Diagnosing and treating schizophrenia
Schizophrenia is a serious disease. But with proper treatment, the symptoms can often be managed.
Schizophrenia is one of the most serious mental illnesses. But treatment can usually offer some relief.
There is no physical test for schizophrenia. If a person has symptoms of the illness, a doctor may first rule out underlying conditions by taking a medical history, doing a physical exam, and taking blood and urine samples to check for drug use. Some drugs can cause symptoms that resemble schizophrenia.
The diagnosis is generally made based on a specific set of symptoms that have persisted for months, according to the National Alliance on Mental Illness. Symptoms can include social withdrawal, hallucinations, delusions, strange behaviors, a loss of contact with reality and increasing difficulty acting or doing things normally.
Treatment with medication
Antipsychotic medications are the primary treatment for schizophrenia. They may be given as pills, liquids, patches or long-acting injections. These drugs help control hallucinations and delusions and allow the person to function more normally.
The dosage of the drugs can vary greatly, depending on how a person responds. The goal is to relieve symptoms as much as possible while causing the fewest side effects.
Side effects can include involuntary movements, weight gain, dry mouth, blurred vision, drowsiness or stiffness. More rarely, the medicines may cause a marked reduction in white blood cells that normally fight infections.
Newer drugs tend to have fewer side effects, but all people taking antipsychotic medicines are monitored somewhat closely.
People with schizophrenia may also resist treatment because the side effects seem worse than the illness or because they don't realize they're ill. The family and doctor can work together to help ensure that these people continue with treatment.
In addition to medicines, people with schizophrenia may be treated with other therapies that can help them adjust to everyday life.
Rehabilitation programs help with things such as social skills and job training. This is important since schizophrenia affects many people in their career-forming years. They may not have the skills needed to get a job. They may also need guidance with managing money and using public transportation.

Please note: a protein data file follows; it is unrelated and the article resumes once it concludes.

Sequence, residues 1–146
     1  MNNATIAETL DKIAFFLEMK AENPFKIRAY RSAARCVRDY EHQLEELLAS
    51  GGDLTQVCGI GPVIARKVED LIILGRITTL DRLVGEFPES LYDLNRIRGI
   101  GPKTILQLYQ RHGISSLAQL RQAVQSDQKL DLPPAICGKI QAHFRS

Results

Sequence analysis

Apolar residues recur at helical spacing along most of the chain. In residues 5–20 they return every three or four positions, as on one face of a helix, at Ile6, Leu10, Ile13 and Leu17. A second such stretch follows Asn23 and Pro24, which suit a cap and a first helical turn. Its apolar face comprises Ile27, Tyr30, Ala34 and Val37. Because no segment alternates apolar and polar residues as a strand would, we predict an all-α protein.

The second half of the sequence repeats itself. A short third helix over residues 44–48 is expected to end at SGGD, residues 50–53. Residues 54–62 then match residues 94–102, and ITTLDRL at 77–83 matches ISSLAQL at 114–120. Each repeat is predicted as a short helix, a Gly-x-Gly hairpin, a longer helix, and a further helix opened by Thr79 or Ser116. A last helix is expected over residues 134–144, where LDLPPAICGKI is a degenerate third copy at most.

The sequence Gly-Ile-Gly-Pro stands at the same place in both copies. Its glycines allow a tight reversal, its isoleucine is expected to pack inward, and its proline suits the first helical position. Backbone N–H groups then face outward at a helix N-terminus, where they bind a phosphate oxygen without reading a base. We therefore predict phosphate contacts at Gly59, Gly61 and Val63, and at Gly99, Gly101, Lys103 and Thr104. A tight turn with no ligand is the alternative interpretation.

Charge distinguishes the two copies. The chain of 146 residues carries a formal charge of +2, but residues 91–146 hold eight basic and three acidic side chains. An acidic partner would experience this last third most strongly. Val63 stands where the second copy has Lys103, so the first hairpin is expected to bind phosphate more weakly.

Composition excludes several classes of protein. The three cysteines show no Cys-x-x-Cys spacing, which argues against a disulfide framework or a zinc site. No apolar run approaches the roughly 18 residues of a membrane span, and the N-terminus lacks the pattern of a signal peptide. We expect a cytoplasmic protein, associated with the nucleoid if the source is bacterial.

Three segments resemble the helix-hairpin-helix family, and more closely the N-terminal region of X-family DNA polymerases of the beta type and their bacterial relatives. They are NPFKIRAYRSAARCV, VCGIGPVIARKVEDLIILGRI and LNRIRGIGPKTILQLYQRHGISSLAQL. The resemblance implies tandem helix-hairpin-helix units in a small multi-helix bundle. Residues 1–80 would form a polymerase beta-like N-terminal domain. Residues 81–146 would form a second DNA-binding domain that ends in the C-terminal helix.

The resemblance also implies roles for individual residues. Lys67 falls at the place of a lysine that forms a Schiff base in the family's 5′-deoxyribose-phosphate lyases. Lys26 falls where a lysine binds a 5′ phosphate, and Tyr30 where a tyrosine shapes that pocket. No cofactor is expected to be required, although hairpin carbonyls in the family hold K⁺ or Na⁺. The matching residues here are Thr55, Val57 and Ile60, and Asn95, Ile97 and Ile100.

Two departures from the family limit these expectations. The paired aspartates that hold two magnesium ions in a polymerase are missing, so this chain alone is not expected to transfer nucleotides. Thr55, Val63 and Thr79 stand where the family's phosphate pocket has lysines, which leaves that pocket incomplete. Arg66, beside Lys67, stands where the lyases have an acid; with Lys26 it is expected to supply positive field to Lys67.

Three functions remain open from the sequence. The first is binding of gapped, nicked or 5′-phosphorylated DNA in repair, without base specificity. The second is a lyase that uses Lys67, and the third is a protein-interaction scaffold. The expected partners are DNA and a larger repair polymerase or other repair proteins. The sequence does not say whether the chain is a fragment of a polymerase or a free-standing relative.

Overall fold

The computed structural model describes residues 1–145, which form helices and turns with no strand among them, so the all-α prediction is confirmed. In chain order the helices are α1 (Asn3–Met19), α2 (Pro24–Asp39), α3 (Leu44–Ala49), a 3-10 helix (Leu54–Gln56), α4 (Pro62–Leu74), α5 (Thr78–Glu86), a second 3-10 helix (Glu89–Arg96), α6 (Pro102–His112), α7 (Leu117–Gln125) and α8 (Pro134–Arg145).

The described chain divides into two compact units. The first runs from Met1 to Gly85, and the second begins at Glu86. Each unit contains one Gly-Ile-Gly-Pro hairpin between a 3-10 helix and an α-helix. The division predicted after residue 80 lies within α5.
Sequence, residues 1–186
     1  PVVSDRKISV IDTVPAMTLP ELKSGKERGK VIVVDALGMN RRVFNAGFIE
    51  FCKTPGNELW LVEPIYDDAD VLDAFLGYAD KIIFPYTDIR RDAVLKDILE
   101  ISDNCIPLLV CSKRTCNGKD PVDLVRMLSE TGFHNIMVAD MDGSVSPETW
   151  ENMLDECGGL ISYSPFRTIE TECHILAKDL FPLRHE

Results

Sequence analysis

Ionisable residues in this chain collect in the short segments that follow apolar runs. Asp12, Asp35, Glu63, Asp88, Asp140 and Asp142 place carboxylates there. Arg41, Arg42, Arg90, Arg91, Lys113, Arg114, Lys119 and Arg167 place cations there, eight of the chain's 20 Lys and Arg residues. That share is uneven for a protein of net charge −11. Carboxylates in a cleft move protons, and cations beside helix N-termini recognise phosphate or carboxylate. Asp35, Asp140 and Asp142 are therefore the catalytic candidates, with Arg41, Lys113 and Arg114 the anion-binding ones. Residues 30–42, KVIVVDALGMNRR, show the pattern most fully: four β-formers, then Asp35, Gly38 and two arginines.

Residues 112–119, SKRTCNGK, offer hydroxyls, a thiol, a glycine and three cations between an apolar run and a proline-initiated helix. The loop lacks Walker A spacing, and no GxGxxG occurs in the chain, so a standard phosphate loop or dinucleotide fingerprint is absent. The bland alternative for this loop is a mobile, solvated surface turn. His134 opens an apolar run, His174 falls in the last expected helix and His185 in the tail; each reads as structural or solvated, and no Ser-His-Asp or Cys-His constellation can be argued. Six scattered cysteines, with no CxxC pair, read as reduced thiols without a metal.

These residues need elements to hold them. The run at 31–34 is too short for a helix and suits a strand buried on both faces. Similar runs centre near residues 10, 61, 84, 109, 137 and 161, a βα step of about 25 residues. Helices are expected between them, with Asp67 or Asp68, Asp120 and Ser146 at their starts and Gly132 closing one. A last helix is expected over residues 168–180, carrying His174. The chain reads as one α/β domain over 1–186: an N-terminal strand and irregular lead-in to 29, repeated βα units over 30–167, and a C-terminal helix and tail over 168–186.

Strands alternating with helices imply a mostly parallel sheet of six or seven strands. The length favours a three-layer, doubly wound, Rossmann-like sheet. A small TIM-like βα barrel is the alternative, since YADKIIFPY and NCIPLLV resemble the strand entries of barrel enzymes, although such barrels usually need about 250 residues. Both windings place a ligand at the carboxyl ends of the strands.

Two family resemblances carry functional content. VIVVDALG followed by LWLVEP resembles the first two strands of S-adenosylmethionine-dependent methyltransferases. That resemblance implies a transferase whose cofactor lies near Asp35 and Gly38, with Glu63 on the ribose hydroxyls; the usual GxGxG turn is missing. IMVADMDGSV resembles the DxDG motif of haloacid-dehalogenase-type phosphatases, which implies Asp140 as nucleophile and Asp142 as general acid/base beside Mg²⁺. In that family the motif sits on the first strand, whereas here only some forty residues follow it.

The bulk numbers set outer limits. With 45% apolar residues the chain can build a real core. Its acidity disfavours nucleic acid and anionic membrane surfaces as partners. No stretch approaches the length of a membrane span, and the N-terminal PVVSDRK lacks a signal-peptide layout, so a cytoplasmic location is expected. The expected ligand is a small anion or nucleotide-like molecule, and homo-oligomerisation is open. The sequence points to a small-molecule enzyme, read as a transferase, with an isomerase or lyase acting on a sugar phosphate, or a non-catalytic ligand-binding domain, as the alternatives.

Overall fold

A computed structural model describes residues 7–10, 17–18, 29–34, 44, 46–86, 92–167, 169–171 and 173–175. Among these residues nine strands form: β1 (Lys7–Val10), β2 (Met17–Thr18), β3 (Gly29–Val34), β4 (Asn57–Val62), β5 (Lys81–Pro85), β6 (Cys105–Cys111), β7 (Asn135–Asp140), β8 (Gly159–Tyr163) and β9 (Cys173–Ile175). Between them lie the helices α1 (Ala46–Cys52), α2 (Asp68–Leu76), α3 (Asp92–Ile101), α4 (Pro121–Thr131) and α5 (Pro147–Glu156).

Psychotherapy involves regular talks with a mental health professional. By talking about their world with someone outside of it, people may gradually come to understand more about themselves and their illness.
Self-help groups bring together people with schizophrenia so they can share their experiences. Support groups are also available for people who have a family member with the illness.
Early and often
As with many diseases, schizophrenia is best treated early. Once treatment starts, regular checkups are important to ensure that the treatment is working.
According to Mental Health America, early warning signs of the disease can include:
- Hearing or seeing something that isn't there.
- A constant feeling of being watched.
- Peculiar or nonsensical way of speaking or writing.
- Strange body positioning.
- Feeling indifferent to very important situations.
- Worsening performance at work or school.
- A change in personal hygiene and appearance.
- A change in personality.
- Increasing withdrawal from social situations.
- Irrational, angry or fearful responses to loved ones.
- Being unable to sleep or concentrate.
- Inappropriate or bizarre behavior.
- Extreme preoccupation with religion or the occult.
If you notice several of these symptoms in yourself or a loved one for more than two weeks, it's time to see a doctor.